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Rebounding From Katrina

In the wake of the wreckage from Hurricane Katrina, information technology is seeing service in a wide variety of applications connected to the recovery from the disaster and the assistance of survivors.
In the wake of the wreckage from Hurricane Katrina, information technology is seeing service in a wide variety of applications connected to the recovery from the disaster and the assistance of survivors.

While news organizations have covered the hurricane in broad strokes, bloggers and citizen journalists have posted first-person reports on the devastation while living its consequences.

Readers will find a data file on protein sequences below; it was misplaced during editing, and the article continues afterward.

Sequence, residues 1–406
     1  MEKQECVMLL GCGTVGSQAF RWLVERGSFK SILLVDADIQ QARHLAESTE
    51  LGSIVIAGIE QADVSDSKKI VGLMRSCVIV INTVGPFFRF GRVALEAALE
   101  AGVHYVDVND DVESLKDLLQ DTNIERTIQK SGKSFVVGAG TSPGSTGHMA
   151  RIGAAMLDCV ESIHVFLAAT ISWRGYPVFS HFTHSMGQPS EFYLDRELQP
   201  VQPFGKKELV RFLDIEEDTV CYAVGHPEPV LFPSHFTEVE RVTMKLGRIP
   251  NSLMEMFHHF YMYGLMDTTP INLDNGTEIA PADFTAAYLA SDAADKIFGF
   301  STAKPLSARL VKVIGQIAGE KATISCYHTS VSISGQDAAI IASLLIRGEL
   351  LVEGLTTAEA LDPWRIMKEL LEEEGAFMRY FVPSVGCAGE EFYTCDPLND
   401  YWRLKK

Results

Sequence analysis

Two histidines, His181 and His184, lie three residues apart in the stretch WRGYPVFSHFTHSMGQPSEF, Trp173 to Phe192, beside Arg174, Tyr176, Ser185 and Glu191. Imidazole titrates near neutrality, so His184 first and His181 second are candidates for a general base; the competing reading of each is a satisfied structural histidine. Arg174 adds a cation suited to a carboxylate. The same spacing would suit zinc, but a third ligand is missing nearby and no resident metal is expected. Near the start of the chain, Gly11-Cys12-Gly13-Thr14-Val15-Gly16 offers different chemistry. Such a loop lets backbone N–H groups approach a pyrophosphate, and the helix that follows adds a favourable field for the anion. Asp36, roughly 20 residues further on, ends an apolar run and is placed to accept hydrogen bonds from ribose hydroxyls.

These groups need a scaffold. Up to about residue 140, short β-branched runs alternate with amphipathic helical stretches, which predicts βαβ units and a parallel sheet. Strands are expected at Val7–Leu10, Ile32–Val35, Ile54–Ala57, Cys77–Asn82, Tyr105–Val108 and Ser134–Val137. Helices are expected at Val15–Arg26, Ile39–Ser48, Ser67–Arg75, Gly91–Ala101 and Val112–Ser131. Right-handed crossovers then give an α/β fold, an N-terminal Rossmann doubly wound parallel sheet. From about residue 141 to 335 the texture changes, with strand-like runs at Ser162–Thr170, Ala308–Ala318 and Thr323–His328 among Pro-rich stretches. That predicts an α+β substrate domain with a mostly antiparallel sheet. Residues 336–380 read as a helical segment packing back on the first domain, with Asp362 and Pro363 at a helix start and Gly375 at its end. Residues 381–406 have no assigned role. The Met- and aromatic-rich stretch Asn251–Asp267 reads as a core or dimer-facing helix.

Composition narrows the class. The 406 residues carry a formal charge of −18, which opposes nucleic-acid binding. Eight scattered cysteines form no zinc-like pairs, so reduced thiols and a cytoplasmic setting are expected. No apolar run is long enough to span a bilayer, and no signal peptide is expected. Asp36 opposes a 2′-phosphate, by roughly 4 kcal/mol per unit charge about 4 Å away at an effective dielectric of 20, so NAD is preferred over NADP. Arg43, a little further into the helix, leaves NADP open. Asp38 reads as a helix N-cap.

Thanks to the Internet, millions have been able to access never-before-seen perspectives the disaster, via satellite images posted by Google, the Associated Press, and others.

Web sites have been launched to help locate survivors. DirectTV on Friday started a 24-hour Hurricane Katrina information channel that broadcasts a continuous stream of email messages from family and friends of hurricane victims.

Silicon Valley has also jumped into the act. Intel, Cisco, Microsoft and others are working with Red Cross to build networks for recovery and relief operations.

One Internet registrar whose staffers refused to leave New Orleans and instead hunkered down in their offices, have not only kept their business up and online, but have provided some of the most stunning images and commentary from inside the chaotic city.

Sadly, even before the hurricane roared ashore, scammers and hackers began using the disaster to distribute phishing attacks and worms to unwary computer users.